Suez protesters demand prosecution of Mubarak, former officials

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CAIRO: Thousands of Suez citizens protested Friday afternoon on El-Arbeen Street, site of the first man shot dead by police on January 25, demanding that authorities prosecute ousted president Hosni Mubarak.

Protesters gathering outside the city’s two main mosques following Friday prayers demanding the indictment of top officials charged with corruption as well as the execution of police officers accused of shooting protesters in the early days of an 18-day popular revolt that toppled the regime.

“How come Mubarak and his family were neither interrogated nor prosecuted until now,” one protester told Daily News Egypt.

“Even the officers arrested on charges of killing protesters are now enjoying special treatment inside the police directorate…and we saw them being transferred in civilian cars to the prosecution office,” the protester added.

Demonstrators marched to the municipality building on El-Geish Street, another main street in Suez, chanting against Mohamed Hussein Tantawy, head of the ruling Supreme Council of the Armed Forces, and Prosecutor General Abdel-Meguid Mahmoud. They then went back to continue protesting in El-Arbeen.

“We want our rights…our money…our blood,” demonstrators chanted.

“You [the army] kept us busy with the constitution and did not prosecute Fathi Sorour and Zakaria Azmy,” they said.

“People could sense a state of procrastination…in prosecuting Mubarak and former top officials, believing that Tantawy, Mahmoud and others belong to the former regime,” head of Al-Ghad Party in Suez Talaat Khalil told DNE.

Earlier last week, the chief of the police directorate and three officers in Suez were referred to a criminal court over charges of opening fire at protesters. They are currently being held in custody pending trial on April 17.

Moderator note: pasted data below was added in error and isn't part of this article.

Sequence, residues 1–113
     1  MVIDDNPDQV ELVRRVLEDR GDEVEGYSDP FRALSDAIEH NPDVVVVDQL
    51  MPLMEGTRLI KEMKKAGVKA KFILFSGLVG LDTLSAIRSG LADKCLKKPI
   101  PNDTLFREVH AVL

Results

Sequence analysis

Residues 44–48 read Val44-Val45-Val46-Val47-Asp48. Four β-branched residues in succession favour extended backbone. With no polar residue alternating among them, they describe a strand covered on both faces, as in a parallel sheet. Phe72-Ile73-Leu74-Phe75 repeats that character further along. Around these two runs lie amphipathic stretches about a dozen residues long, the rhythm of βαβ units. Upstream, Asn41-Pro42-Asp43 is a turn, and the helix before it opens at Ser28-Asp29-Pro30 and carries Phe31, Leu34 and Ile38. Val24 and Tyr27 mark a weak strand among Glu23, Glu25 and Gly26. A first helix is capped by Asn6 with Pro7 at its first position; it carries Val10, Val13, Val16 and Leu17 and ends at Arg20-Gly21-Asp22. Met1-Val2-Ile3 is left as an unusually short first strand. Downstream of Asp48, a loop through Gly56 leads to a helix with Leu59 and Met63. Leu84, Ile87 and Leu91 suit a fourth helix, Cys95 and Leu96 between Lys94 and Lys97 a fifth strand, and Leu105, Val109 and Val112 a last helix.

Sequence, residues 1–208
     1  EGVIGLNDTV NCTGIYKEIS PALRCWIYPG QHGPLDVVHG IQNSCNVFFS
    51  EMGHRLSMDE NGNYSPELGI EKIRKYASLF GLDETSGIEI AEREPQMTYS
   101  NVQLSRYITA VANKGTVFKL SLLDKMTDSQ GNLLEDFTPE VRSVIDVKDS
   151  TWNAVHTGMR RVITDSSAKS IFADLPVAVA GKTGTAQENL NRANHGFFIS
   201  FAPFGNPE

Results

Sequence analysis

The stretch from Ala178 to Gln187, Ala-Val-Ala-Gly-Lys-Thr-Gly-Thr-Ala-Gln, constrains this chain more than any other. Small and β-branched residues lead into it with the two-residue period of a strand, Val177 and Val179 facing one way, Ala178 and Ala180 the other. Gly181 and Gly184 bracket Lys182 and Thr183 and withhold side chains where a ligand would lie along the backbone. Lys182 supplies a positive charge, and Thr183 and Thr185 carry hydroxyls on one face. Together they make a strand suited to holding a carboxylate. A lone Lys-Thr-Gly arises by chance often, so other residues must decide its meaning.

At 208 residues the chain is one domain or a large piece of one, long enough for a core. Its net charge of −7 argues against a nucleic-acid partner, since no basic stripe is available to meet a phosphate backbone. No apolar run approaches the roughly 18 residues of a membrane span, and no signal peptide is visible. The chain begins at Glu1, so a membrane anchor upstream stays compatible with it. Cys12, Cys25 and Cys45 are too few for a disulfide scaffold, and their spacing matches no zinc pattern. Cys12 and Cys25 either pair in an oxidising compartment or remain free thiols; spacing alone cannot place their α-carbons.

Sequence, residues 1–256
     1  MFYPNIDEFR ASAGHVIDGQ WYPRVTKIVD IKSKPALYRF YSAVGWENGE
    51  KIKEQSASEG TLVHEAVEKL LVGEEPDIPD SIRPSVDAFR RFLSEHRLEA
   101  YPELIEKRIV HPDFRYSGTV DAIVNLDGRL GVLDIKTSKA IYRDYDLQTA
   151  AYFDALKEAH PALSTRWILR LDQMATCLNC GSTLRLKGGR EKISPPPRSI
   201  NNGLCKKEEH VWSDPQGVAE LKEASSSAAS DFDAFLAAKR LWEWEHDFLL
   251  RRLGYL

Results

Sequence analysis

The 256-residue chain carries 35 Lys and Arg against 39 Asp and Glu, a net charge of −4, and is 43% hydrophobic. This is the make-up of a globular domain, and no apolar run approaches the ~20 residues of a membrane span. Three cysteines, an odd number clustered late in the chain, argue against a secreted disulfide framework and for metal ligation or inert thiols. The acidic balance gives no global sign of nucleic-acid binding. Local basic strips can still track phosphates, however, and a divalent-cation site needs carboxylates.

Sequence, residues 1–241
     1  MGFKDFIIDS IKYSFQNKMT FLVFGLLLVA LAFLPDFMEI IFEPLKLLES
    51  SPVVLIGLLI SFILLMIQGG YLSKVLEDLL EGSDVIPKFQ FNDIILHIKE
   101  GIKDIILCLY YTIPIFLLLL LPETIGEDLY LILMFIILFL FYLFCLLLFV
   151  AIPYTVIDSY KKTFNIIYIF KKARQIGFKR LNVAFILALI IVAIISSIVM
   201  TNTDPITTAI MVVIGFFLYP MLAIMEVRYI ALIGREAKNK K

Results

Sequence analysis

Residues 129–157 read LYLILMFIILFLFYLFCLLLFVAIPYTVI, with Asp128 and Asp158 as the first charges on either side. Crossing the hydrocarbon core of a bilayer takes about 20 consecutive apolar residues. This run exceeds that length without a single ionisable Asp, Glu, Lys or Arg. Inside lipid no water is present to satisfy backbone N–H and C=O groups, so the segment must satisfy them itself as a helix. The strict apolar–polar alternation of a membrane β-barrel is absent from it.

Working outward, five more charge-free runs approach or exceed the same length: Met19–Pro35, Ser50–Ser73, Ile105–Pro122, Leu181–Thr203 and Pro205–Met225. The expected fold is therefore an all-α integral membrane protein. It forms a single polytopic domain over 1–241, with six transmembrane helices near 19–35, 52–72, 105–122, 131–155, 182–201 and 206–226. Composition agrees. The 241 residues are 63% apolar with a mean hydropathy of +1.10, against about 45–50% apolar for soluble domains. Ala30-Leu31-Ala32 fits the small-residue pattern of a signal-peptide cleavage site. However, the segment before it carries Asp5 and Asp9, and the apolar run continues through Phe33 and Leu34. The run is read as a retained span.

In response, dozens of officers protested outside the attorney general’s office demanding the release of their colleagues, 48 of them collectively resigned objecting to their prosecution.

The officers’ protest was followed by another by citizens calling on the governor to accept their resignation.

Suez witnessed the most intense clashes when the January 25 Revolution broke out as protesters demanded civil rights and an end to the Mubarak regime.

“A total of 88 people were killed during protests, while over 1,000 others were injured, many seriously, though official reports said only 29 were killed,” a medical source told DNE on condition of anonymity.

According to the source, before Mubarak stepped down on Feb. 11, hospitals were ordered by the health ministry and government officials to reject any admission of patients with bullet injuries.

“At some point many were treated on the streets of Suez,” the source said.

On Jan. 28, dubbed the “Friday of Anger,” protesters in the city stripped the police directorate chief and his deputy naked on the street in a bid to humiliate them.

Former Interior Minister Habib El-Adly will face the first trial hearing on April 24 before a criminal court on charges of premeditated murder of protesters, attempted murder of others as well as inflicting major damages to public and private property which had a negative impact on the economy.

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